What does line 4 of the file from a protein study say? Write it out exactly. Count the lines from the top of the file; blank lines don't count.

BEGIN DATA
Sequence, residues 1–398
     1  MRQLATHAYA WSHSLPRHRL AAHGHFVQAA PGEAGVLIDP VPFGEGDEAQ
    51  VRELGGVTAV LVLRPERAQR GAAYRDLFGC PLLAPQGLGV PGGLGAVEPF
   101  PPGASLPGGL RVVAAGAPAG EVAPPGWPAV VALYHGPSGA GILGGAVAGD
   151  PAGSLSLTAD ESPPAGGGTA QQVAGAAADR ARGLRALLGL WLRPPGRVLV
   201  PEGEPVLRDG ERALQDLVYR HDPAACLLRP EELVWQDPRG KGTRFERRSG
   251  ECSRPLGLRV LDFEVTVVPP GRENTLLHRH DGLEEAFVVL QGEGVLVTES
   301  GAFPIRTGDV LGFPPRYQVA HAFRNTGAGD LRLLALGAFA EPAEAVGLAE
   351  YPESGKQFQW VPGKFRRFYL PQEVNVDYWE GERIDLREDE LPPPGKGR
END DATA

   101  PPGASLPGGL RVVAAGAPAG EVAPPGWPAV VALYHGPSGA GILGGAVAGD